RETURN OF THE APE MAN (1944) Blu-ray
Director: Philip Rosen
Olive Films

An exemplary “Poverty Row” horror production which has never been given a legit home video release before, 1944’s RETURN OF THE APE MAN was the second-to-last picture Bela Lugosi starred in for ace B movie producer Sam Katzman for his Banner Pictures Corporation and Monogram Pictures. The series of low budget shockers were dubbed by fans as “The Monogram 9”, and although this comes only a year after THE APE MAN (which had Lugosi hunched over and in full simian make-up) this is a sequel in name only, having nothing to do with the plot and characters of that public domain favorite. Much to the surprise and joy of classic monster movie collectors of a certain age, RETURN OF THE APE MAN now makes its way to the Blu-ray format (as well as DVD), courtesy of Olive Films.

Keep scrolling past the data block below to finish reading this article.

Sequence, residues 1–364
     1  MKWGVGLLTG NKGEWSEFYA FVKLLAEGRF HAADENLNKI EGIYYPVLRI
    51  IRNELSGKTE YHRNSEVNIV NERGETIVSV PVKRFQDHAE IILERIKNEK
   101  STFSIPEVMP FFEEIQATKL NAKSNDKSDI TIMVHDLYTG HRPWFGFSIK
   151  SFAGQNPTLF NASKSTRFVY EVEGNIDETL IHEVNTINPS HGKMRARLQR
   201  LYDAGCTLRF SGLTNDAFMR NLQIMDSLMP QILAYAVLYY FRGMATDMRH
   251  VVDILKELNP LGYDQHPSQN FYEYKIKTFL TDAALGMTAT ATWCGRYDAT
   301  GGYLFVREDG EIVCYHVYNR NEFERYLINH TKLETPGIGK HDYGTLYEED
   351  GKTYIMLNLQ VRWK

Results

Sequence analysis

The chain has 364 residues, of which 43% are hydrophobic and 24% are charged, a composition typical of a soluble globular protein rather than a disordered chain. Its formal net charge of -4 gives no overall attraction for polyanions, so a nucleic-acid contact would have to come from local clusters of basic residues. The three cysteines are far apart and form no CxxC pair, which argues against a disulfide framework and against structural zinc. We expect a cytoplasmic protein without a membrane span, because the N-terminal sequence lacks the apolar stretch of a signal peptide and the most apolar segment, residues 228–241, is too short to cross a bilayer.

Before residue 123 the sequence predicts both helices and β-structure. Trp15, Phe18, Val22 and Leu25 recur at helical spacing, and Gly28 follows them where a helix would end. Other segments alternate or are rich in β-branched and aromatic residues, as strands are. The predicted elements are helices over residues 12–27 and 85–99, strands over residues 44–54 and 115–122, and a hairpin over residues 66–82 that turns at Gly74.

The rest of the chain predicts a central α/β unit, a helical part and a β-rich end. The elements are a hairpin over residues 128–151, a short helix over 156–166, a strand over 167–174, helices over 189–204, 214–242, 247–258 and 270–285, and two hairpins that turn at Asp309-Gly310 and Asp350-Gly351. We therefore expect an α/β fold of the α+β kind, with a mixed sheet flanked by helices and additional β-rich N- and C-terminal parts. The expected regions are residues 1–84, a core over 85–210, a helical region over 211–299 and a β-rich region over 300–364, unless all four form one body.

Obsessed with his theories about eternal life, Professor Dexter (Bela Lugosi, THE GHOST OF FRANKENSTEIN) and his younger, more upstanding research partner, Professor John Gilmore (John Carradine, HOUSE OF DRACULA), revive a drunken tramp (Ernie Adams, THE PRIDE OF THE YANKEES) that they have had frozen in sub-zero temperatures for four months (and despite his disappearance making newspaper headlines, they get away with it, sending him happily off with a five-dollar bill). Further attempting to prove his theories that life can be sustained indefinitely, Dexter, along with Gilmore, travels to the Arctic (through the miracle of decades-old stock footage). They uncover a frozen prehistoric man embedded in a glacier and bring him back to Dexter’s basement laboratory. When they thaw out the grunting, bearded Neanderthal man (Frank Moran, THE CORPSE VANISHES), he turns out to be a total uncivilized brute that can only be tamed by fire. Keeping the ape man in a cell, Dexter has an idea to transplant a segment of a man’s brain into his skull, and he drugs young Steve Rogers (Michael Ames, VOODOO MAN) — the fiancé of Gilmore’s beautiful niece Anne (Teala Loring, BLUEBEARD) — for such experimental purposes. Steve is spared when Gilmore comes to the rescue, but this incident causes him to cut ties with Dexter. Naturally, the cunning mad scientist double-crosses Gilmore by putting a part of his brain into our unhinged friend, but despite the fact that he now has the partial mind of an intelligent man of science (as well as a classical pianist) and has acquired the power of speech, he’s still a disobedient killing machine that finds it easy enough to bend his prison cell bars and let himself loose on society.